- The Schlumberger Foundation Faculty for the Future program offers PhD scholarships to women from low income countries
- The University of Bayreuth offers fellowships for researchers in African Studies
- The Institute for Advance Studies in Toulouse offers post-docs in the social sciences, with a preference for applicants from low income countries
- The European & Developing Countries Clinical Trials Partnership offers a post-doc for African scholars in the biomedical and social sciences
- The International Foundation for Science offers a basic research grant to researchers from low income countries
- Evidence in Governance and Politics has a visiting researcher position for African scholars at the University of California, Berkeley
- The Amartya Sen Prize offers travel funding to attend the World Congress of the International Economic Association
- The Atlantic Fellows program offers yearlong, non-residential fellowships to scholars and activists focused on health and social equality
- Commonwealth Split-Site Scholarships offer PhD students from low income countries the chance to spend 12 months at a UK university
- The Max Planck Institute in Berlin offers a six-month writing fellowship for PhD students from African, Asian and Latin American countries
- The Women, Peace and Security program at Columbia University offers six-month fellowships to African women doing peacebuilding projects
- The Global Change Leaders program at the Coady Institute runs a seven-week leadership program for women from low income countries
Here’s the latest edition of Africa Update. We’ve got a new metro system in Abidjan, culinary imperialism in Kenya, plans to refill Lake Chad with a giant canal, how hospitals in Malawi are getting men to do more housework, and more.
A stunning view of Nairobi, via Kenyapics
West Africa: Follow 5 young Nigerian journalists as they travel across 14 West African countries along the Jollof Road. In Nigeria, former members of Boko Haram and ISIS trafficking survivors have found it very difficult to re-integrate into civilian society. Hundreds of children, some as young as 5, have been arrested by the Nigerian police on suspicion of involvement with Boko Haram. Abidjan is getting a metro system. A new policy that lets cocoa farmers plant in “degraded” forests could lead to widespread deforestation in Côte d’Ivoire. This is a great resource on the history of West Africa at a glance.
Central Africa: This was a thoughtful piece about breaking the cycle of motorcycle theft and violent retribution in the CAR. Members of opposition parties are regularly being killed in Rwanda, although no one wants to point a finger directly at the government. Rwanda is also getting a new nuclear research reactor with support from Russia. The Uganda Law Society has released a new app meant to connect women and girls to legal advice. LGBT+ rights are under threat again in Uganda, with discussion of another law to make gay sex punishable by death. Check out this incredible mixed media piece about one family’s experience becoming refugees after the Congo Wars of the 1990s.
Here’s Atukwasize ChrisOgon‘s take on Chinese investment in Uganda
East Africa: In Kenya, the urban middle class is increasingly turning to “telephone farming” to diversify their income streams. Here’s a wonderful piece about khat and precolonial cuisine in Kenya. See also this piece about the history of culinary imperialism in Kenya. Meet the the Jehovah’s Witnesses targeting Chinese immigrants in Kenya. This is a good overview of Ethiopia’s complicated ethnic and regional politics. There’s an ambitious plan to refill Lake Chad by piping water in from the DRC via the CAR.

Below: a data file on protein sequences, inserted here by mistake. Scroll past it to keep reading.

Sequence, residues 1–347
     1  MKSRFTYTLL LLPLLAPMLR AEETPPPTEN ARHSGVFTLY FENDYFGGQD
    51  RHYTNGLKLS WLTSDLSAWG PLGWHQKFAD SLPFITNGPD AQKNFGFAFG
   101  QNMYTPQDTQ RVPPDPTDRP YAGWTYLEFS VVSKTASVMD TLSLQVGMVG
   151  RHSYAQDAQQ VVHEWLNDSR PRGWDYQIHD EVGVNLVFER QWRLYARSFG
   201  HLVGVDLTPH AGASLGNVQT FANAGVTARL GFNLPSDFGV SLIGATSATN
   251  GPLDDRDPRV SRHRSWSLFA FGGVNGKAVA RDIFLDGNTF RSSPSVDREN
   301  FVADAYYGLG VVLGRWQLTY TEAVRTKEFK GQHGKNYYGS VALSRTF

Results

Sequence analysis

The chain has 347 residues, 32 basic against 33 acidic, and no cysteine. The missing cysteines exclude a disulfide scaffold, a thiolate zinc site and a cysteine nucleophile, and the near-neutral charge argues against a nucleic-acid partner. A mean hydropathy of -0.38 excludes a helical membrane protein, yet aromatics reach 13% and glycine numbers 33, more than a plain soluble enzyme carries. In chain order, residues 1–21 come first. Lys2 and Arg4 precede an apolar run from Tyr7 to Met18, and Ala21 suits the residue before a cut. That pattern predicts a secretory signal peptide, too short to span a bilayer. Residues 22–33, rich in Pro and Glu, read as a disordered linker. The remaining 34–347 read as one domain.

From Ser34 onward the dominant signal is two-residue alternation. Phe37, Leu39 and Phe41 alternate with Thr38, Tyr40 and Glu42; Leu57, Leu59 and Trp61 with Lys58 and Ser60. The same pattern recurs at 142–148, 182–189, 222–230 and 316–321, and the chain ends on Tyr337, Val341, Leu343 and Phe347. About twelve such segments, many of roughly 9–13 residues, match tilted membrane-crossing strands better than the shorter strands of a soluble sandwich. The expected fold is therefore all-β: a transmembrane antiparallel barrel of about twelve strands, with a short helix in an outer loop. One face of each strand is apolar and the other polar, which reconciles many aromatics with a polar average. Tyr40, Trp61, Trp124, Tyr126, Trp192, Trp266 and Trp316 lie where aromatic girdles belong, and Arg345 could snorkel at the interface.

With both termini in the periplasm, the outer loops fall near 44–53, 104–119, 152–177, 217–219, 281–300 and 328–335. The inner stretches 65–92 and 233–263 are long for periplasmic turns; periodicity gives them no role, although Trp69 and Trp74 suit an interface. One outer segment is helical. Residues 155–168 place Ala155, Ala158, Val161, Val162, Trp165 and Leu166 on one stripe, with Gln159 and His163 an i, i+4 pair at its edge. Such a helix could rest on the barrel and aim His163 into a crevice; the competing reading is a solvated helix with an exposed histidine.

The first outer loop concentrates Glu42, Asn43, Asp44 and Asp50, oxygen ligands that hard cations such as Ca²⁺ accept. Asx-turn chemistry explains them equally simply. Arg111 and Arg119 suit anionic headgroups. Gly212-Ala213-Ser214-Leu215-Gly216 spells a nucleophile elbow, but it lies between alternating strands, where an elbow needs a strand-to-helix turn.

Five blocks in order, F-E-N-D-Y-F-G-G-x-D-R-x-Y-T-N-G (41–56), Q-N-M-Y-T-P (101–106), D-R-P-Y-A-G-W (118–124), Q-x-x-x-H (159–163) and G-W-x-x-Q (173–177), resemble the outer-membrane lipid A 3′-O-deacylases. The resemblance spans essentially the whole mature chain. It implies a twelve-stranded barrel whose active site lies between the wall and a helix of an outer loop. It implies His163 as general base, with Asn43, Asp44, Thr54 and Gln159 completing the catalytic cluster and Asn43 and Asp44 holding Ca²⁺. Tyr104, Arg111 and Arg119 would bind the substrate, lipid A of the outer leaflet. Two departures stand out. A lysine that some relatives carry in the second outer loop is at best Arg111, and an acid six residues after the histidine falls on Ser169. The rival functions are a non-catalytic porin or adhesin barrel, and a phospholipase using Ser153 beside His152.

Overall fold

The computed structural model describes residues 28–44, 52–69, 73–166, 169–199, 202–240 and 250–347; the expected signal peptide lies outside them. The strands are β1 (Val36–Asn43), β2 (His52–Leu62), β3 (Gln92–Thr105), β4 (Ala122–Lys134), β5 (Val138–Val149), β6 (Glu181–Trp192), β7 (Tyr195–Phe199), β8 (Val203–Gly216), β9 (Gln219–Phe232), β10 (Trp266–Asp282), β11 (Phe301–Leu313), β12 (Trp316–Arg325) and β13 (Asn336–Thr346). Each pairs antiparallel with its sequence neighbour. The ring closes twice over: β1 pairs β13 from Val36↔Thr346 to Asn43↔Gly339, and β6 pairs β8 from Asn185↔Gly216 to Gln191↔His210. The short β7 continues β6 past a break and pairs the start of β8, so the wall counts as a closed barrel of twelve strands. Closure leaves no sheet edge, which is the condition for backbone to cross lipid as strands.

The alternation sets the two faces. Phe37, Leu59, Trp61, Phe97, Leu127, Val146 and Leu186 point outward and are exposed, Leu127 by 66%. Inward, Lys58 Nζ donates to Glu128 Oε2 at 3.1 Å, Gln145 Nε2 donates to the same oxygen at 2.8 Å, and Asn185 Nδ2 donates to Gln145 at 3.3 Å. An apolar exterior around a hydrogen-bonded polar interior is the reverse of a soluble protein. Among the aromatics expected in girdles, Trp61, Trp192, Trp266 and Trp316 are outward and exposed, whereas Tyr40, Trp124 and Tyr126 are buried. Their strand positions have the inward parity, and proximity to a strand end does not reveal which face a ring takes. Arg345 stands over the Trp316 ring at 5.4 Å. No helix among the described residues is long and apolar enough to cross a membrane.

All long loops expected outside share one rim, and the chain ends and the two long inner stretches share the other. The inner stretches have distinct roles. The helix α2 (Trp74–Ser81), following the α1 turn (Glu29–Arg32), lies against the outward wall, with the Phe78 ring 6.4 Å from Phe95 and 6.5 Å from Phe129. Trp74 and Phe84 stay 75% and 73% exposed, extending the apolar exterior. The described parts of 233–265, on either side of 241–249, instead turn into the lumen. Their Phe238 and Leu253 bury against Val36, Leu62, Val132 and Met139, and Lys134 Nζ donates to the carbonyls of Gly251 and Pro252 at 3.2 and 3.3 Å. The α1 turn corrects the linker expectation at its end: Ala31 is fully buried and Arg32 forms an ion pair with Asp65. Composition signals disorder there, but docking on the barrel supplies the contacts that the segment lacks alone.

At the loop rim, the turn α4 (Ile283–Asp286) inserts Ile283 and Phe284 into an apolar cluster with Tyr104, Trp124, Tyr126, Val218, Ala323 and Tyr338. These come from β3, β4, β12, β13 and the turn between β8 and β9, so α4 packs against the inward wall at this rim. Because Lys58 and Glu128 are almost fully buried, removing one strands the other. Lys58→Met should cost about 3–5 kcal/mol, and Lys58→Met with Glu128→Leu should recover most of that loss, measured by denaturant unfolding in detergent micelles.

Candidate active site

Southern Africa: A novel campaign strategy has been spotted in Botswana, where the opposition handed out menstrual pads with the party logo on them. This was a heartbreaking piece about sexual violence in South Africa and the #AmINext movement. Check out this photo essay on the mine-clearing women of Angola. Here’s an insightful long read about what really happened to the billions of dollars that were to be spent on Angola’s post-war reconstruction. Why is Zambia planning to finance almost 10% of its 2020 budget through a mysterious “exceptional revenue” source?
Kismayo sunset, by Said Fadhaye
Gender: Meet Yvonne Aki-Sawyerr, the first female mayor of Freetown, Sierra Leone. Roughly 1/3 of African businesses have no women on their boards, and another 1/ 3 have only one woman. In Malawi, a program which gives pregnant women housing close to hospitals before they deliver their babies has increased their husbands’ housework commitments while they’re away. This is a remarkable portrait of three generations of women who have stood up to dictatorship in Sudan. Kenya’s Gladys Ngetich is breaking barriers about women in STEM with her PhD on improving the efficiency of jet engines.
Business: This is a must-read piece on the political economy of foreign start-ups in Kenya. Orange is developing a new feature phone for the African market which includes social media apps. Uber is launching boat taxis in Lagos. Africa has 15% of the world’s population, but fully 45% of the world’s mobile money activity. African cosmetics companies are getting acquired by international corporations which want to offer better products for black skin and hair. Check out my Mawazo co-founder Rose Mutiso’s TED talk on how to bring affordable electricity to Africa.
The geographic distribution of wealth in Africa looks very different depending on whether it’s measured at the country, province, or district level (via Marshall Burke)